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Dimethyl Sulfoxide Reductase Activity By Anaerobically Grown Escherichia Coli HB101.
Published 1985 · Biology, Medicine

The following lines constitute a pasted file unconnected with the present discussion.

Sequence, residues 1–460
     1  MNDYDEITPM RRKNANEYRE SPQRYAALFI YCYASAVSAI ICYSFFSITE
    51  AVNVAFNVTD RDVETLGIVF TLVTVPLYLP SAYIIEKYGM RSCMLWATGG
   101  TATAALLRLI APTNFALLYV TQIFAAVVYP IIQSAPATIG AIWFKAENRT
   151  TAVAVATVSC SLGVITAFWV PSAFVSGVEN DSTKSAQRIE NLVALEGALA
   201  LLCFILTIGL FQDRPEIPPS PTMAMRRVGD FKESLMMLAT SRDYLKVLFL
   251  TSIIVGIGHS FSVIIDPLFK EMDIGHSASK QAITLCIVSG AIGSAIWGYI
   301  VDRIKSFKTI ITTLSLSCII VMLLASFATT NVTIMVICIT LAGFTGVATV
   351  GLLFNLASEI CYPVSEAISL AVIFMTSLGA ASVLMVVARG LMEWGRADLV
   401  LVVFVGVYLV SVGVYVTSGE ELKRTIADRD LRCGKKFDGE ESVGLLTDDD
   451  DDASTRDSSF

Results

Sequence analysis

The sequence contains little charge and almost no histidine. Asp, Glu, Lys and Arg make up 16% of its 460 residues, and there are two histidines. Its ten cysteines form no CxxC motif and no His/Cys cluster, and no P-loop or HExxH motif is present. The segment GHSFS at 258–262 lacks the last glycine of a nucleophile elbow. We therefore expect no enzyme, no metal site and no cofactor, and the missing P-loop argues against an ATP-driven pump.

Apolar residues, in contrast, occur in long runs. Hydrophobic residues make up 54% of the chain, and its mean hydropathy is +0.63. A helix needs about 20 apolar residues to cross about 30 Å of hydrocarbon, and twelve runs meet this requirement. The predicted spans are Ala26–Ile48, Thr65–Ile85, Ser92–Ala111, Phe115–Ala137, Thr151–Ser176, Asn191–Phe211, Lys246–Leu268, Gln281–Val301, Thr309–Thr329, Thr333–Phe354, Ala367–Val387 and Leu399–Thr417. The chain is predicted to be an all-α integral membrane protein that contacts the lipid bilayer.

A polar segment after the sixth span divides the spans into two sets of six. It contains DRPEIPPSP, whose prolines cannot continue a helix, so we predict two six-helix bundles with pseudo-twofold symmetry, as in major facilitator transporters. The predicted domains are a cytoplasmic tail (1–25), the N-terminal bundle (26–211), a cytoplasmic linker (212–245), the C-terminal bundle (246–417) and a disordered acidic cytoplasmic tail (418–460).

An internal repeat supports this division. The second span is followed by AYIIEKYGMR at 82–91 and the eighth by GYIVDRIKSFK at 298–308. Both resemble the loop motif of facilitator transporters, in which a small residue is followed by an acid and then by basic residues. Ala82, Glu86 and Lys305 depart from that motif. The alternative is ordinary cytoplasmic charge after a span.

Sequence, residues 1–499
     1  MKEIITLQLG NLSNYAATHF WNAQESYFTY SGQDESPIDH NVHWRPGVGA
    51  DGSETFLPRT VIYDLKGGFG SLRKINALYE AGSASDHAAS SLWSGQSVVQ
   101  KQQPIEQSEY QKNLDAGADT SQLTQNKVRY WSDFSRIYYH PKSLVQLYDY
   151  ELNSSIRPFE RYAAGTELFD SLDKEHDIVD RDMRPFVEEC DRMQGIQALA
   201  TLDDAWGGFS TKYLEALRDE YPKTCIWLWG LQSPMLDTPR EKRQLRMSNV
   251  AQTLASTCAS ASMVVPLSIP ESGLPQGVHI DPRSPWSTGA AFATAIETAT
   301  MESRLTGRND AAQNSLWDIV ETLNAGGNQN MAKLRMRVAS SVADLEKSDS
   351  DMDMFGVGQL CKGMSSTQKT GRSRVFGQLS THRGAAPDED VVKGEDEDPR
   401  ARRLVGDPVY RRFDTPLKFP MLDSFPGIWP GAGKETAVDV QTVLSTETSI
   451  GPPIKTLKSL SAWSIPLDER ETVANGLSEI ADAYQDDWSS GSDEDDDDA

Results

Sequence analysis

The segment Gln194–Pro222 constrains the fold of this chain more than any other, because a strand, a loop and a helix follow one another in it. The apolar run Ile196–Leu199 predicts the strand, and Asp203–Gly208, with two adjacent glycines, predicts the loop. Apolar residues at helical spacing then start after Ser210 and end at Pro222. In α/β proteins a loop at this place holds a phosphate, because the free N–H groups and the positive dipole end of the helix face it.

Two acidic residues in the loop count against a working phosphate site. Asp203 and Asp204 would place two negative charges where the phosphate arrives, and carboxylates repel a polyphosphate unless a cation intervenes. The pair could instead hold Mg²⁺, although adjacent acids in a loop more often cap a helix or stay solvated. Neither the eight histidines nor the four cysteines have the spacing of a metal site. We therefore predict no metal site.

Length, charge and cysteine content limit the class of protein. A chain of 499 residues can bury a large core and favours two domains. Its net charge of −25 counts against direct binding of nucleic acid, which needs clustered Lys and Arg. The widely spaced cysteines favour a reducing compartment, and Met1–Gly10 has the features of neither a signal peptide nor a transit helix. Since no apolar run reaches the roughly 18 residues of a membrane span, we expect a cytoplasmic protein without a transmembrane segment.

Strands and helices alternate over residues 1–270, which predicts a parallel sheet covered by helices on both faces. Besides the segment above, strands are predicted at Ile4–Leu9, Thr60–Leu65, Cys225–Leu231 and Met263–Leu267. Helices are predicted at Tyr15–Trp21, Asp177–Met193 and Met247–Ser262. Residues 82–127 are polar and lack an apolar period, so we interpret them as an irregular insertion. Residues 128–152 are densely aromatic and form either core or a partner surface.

Escherichia coli grew anaerobically on a minimal medium with glycerol as the carbon and energy source and dimethyl sulfoxide (DMSO) as the terminal electron acceptor. DMSO reductase activity, measured with an artificial electron donor (reduced benzyl viologen), was preferentially associated with the membrane fraction (77 +/- 10% total cellular activity). A Km for DMSO reduction of 170 +/- 60 microM was determined for the membrane-bound activity. Methyl viologen, reduced flavin mononucleotide, and reduced flavin adenine dinucleotide also served as electron donors for DMSO reduction. Methionine sulfoxide, a DMSO analog, could substitute for DMSO in both the growth medium and in the benzyl viologen assay. DMSO reductase activity was present in cells grown anaerobically on DMSO but was repressed by the presence of nitrate or by aerobic growth. Anaerobic growth on DMSO coinduced nitrate, fumarate, and and trimethylamine-N-oxide reductase activities. The requirement of a molybdenum cofactor for DMSO reduction was suggested by the inhibition of growth and a 60% reduction in DMSO reductase activity in the presence of 10 mM sodium tungstate. Furthermore, chlorate-resistant mutants chlA, chlB, chlE, and chlG were unable to grow anaerobically on DMSO. DMSO reduction appears to be under the control of the fnr gene.